Thursday, April 6, 2017

VoIP Phones, BES Cyber Asset or not?

Over at the WICF forum, there's an older discussion on inclusion of VoIP phones as a NERC CIP-applicable Cyber Assets.

Folks keep trying to differentiate between VoIP and POTS (Plain Old Telephone System) analog lines. Here's a newsflash:

A PBX (Private Branch Exchange) system is certainly a programmable electronic device, whether it is VoIP or Analog. Even the majority of Analog PBXs have the ability to be administered remotely via Telnet or similar protocols. Unless the Responsible Entity has analog phone lines that are directly-supplied local loops from the Telco, they do have a programmable device in their voice system. Even then, the Telco switch is programmable, but would fall under a communications system exemption due to the RE not having control over it.

Here's the problem, a VoIP phone does have an OS/firmware that can be updated, including with a hacked copy. It's a simple TFTP operation. It has a configuration that can be modified by the administrator and to a certain extent by the end user. So do smart cell phones (I've used a jail-break to hack my own phone in the past) and even some relatively dumb cell phones.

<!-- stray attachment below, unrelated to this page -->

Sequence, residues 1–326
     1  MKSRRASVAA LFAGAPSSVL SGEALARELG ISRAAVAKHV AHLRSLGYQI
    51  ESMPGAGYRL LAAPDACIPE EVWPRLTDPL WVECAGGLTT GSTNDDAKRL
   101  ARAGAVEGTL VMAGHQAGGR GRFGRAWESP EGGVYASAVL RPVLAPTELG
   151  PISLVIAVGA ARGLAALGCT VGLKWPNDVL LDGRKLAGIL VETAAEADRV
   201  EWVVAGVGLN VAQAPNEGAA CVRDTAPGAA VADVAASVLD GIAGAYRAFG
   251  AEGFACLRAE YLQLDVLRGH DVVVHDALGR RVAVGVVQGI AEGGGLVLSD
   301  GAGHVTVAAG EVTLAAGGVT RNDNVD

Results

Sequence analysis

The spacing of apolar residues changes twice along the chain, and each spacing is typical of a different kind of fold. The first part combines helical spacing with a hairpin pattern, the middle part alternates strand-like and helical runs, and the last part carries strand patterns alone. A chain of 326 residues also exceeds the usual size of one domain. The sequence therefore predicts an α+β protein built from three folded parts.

What it probably doesn't have is the ability to directly affect the BES as long as it is not included inside an ESP with zero internal technical controls (legacy philosophy alert: hard crunchy shell around soft gooey center) that is the minimum acceptable solution at the moment. This could really be a fine example of a situation where short-sighted compliance actually reduces security by forcing you to include VoIP systems inside your trusted perimeter rather than keeping them properly segregated as they should be.

The current comment form on Virtualization is trying to address similar issues. The definition of Cyber Asset is up for discussion. It's also asking specifically whether CIP-005-5 ESP Requirements are adequate to address isolation in a virtualized world, so the parallel may not be obvious, but many of the risks identified for virtualization are unaddressed for nearly-identical risks that apply to physical Cyber Assets.

Bringing in the concept of security zones and granular internal technical controls applied to Applicable Cyber Systems by grouped risk or impact rating has a lot more implications than just for virtual Cyber Assets.


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